EXPLAINED AWARD: SHIRVANIAN v. CITIGROUP GLOBAL MARKETS, INC., AAA ID #72 168 Y 00005 04 NOLG (Los Angeles, CA, 10/26/17).
This well-reasoned 69-page AAA Award carefully lays out several alternative bases for rejecting the claimants’ claims.
Kosti Shirvanian, a millionaire who made his fortune as a trash disposal contractor, held a large position in Waste Management, Inc. (“WMI”), which had acquired his former company in 1998. When the value of WMI stock dropped precipitously in 1999, Shirvanian looked to Salomon Smith Barney (“SSB,” now Citigroup) to protect his portfolio and provide him with cash while avoiding capital gains taxes. The agreed-upon solution was the use of equity monetization securities (“EMS”) transactions. In that strategy, Shirvanian pledged to sell a stated number of WMI shares to SSB, acting as a counterparty, on a later date, for which he was immediately paid cash (in an amount lower than the market price of the stock), but incurred no immediate tax liability. In addition to the foregoing advantages, an EMS included collars that gave Shirvanian the opportunity to benefit from increases in the value of the stock while limiting his exposure to decreases.
A Long Wait
The Arbitrators’ decision depends heavily on the procedural history of the case. When Shirvanian and his wife filed their Demand for Arbitration against SSB in 2003, they described the dispute as a “[c]laim for loss on securities.” A 2005 discovery response alleged that their broker gave bad advice regarding the EMS account, exceeded the amount he was authorized to trade, failed to protect Shirvanian’s portfolio and otherwise negligently handled his accounts, and that SSB had a potential conflict of interest because it also advised WMI. For reasons not clear from the face of the Award, the Shirvanians asked AAA to hold the arbitration in abeyance from 2006 to 2014. When they reactivated it, SSB filed a motion to dismiss the arbitration for failure to prosecute. While the motion was pending, Claimants filed a “First Amended Statement of Claims” (“FASOC”) that raised additional claims. One of the recurring issues in the case was whether New York law, as set forth in a sample EMS purchase agreement (“EMS agreement”), or California law, applied to the case. Applying New York law, the Panel denied the motion because it was unclear whether SSB suffered prejudice from the delay, given the available documentary evidence. The case then proceeded to 35 days of evidentiary hearing (ed: there were 37 days of hearings in all, including two days of closing argument). Claimants sought $97.9 million in compensatory damages, treble damages and $200 million in punitive damages.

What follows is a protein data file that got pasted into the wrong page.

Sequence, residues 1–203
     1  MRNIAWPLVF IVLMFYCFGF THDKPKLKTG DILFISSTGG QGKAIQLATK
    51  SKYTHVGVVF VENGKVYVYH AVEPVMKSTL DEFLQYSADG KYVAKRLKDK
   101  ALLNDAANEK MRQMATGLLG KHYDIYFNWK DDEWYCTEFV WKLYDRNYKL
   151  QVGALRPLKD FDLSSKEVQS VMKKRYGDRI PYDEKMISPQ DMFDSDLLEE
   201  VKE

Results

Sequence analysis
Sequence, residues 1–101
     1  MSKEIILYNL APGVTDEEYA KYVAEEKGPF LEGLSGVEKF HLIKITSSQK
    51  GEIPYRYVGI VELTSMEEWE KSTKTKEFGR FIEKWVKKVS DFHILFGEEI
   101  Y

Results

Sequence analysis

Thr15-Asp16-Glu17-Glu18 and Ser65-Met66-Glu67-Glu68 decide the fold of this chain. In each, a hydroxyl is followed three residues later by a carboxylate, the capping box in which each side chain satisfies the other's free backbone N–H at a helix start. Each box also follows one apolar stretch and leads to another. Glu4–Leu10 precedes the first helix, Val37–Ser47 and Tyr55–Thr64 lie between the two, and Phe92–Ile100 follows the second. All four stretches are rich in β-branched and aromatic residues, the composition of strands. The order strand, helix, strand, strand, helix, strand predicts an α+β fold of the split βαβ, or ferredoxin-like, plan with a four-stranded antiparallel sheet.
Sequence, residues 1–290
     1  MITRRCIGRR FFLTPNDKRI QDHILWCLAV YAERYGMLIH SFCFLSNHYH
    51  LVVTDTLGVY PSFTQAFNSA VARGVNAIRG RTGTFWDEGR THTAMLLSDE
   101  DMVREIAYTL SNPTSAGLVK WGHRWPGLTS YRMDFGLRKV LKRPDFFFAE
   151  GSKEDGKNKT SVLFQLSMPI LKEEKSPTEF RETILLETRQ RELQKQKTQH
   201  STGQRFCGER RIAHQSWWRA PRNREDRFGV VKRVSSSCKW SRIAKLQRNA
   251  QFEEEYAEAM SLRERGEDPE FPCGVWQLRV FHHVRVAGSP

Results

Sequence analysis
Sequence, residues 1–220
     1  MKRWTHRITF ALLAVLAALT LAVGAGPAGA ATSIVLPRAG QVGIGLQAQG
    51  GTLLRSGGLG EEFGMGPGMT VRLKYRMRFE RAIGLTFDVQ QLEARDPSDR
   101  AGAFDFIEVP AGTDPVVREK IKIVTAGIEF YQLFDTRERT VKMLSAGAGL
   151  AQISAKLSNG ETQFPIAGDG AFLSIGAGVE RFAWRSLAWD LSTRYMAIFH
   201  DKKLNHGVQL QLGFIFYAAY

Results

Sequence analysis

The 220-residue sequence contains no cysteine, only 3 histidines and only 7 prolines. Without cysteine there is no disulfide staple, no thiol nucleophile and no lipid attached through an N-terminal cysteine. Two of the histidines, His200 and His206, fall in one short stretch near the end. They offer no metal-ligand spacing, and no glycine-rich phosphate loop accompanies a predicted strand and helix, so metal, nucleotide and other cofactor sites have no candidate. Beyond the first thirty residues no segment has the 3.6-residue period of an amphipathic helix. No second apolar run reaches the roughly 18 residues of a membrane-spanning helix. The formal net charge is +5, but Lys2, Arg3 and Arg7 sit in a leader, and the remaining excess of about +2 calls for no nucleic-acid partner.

Last In, First Out
The Panel addresses the FASOC-added claims first. Since the parties agree that all relevant statutes of limitations expired before the FASOC was filed, the only issue is whether the added claims “relate back” to the Demand for Arbitration. Under either California or New York law, the Arbitrators conclude, all the pre-abeyance documents are inadequate to give the notice of the new claims required for them to “relate back,” and they are therefore time-barred. However, even if they do relate back, the Panel discerns another problem: all the new claims are reliant on oral testimony, but the long passage of time has dulled the memories of witnesses on both sides, causing the Panel to finally find enough prejudice to merit dismissal for failure to prosecute.
That leaves several claims relating specifically to the EMS transactions: that SSB failed to disclose the costs of those transactions, that those costs were excessive, that SSB failed to disclose the commissions it paid to its brokers, that it promised there would be no commissions on them, and that SSB recommended early termination of EMS to generate commissions. On the first claim, the Panel finds that SSB fully disclosed the costs to the Shirvanians, who were really complaining that SSB should have disclosed its own revenue. However, the Panel finds that a brokerage has no duty to do so, especially where, as here, it disclaimed any such duty, and the amount could not be accurately estimated until the sale was consummated, nor does the amount it earned as an EMS counterparty matter. The claim of failure to disclose, to the extent it is not untimely or barred by failure to prosecute, fails because SSB paid those commissions out of its own revenues. The alleged promise not to pay commissions, if it happened as Shirvanian remembers, was not breached, since he did not pay those commissions. Finally, while Shirvanian did terminate some EMS transactions early, he had valid reasons – earning a profit or acquiring more advantageous collars – for doing so and, if the promised advantages did not always pan out, that did not make the decision to terminate early unsuitable. The Shirvanians’ claims are denied in toto.
(ed: *SSB/Citigroup was represented by Terry Ross, Michele R. Underwood and Stacey M. Garrett, Esqs. of Keesal Young & Logan, Long Beach, CA. **Two lessons to take away from this case: spell out one’s claim from the beginning and, while AAA does give one the option of holding an arbitration in abeyance, one must think carefully before exercising that privilege, as there can be negative consequences. ***SAC collects securities-related Awards for its Award Database and online ARBchek system from many forums and we appreciate the help of all. The Awards are, in that way, available to all visitors for use in ranking arbitrators or performing customized searches. We hold in particular esteem those who contribute Explained Awards for SAC's PDF Awards Library.)
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